Woman who struggled to walk with 'excruciating pain’ to run London Marathon

Laura Uglow, 24, with her friend's pony named Lucy. 

Laura Uglow, 24, with Lucy the pony. Laura will be doing the London Marathon in aid of CRPS UK. - Credit: Casey Adams

A woman who struggled to walk for many years due to a chronic pain condition is now preparing to run the London Marathon in just under two weeks' time.  

Laura Uglow, who has lived in Hornchurch her whole life, will walk and - if possible - run 26.2 miles on October 3.  

This date marks four years since she had a life-changing spinal cord stimulator fitted.  

In January 2015, Laura sprained her ankle walking through a muddy field. This went on to cause a condition called complex regional pain syndrome (CRPS).  

Described as a “poorly understood” condition by the NHS, CRPS causes people to experience persistent severe and debilitating pain.  


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The 24-year-old said: “I was told for 18 months the pain was in my head and there was nothing wrong with me, even my friends and family questioned if I was actually in pain.” 

However, Laura managed to get a diagnosis after speaking with a pain management specialist at Queen’s Hospital and she was referred to Guy’s and St Thomas’ Hospital to have the spinal cord stimulator fitted.  

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Laura said: “I was lucky my GP was brilliant and researched to try and find ways to help my condition – it's the only reason I can walk now.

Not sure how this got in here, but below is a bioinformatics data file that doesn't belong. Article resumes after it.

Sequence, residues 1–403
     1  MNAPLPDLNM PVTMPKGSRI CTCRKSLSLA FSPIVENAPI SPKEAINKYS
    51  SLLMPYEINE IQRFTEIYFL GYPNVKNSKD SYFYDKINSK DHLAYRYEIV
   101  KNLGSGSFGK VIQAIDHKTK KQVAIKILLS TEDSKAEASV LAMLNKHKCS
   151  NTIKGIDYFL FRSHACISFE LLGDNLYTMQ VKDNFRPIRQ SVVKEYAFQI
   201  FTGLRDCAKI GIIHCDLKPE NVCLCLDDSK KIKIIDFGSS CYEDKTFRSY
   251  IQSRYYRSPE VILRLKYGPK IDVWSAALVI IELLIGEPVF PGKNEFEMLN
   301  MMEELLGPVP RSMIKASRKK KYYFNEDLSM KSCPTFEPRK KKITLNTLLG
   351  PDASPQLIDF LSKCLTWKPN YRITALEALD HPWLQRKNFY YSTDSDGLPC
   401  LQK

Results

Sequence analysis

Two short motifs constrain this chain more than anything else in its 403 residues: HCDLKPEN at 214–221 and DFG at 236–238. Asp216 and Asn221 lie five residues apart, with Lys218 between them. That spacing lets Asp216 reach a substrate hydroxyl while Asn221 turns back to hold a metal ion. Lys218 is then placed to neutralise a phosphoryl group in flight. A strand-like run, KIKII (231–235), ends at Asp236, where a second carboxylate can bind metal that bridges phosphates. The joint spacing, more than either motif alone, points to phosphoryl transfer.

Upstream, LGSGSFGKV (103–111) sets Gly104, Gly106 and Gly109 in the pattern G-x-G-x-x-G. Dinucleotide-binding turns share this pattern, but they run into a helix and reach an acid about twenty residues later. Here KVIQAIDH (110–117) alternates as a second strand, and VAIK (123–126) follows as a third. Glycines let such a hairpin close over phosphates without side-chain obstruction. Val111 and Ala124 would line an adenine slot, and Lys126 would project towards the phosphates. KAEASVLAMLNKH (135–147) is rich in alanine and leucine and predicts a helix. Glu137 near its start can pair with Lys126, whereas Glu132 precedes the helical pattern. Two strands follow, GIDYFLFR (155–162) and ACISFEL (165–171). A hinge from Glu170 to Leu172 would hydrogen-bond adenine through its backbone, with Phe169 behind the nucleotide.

“It can happen to anybody, doctors don’t know why it happens or what causes it. It could be a simple sprain which kicks off an almost overdramatic response to the pain.  

“I have spoken to other people with the condition and they were also all told there was nothing wrong with them."

Not wanting anyone else to suffer without a diagnosis, Laura said “not enough doctors know” about CRPS and she aims to raise awareness of the condition.  

“It is so frustrating to know that I genuinely had a nerve condition and was in excruciating pain and every doctor wondered what was wrong until I went to Queen’s," she added. 

“My pain level is now a four or five out of 10, but it is nowhere near the 100 out of 10 it was before – it was unrateable pain.”  

Laura will be running the marathon in aid of CRPS UK, a patient-led charity raising awareness of the syndrome.  

To donate, visit https://uk.virginmoneygiving.com/LauraUCRPSUK



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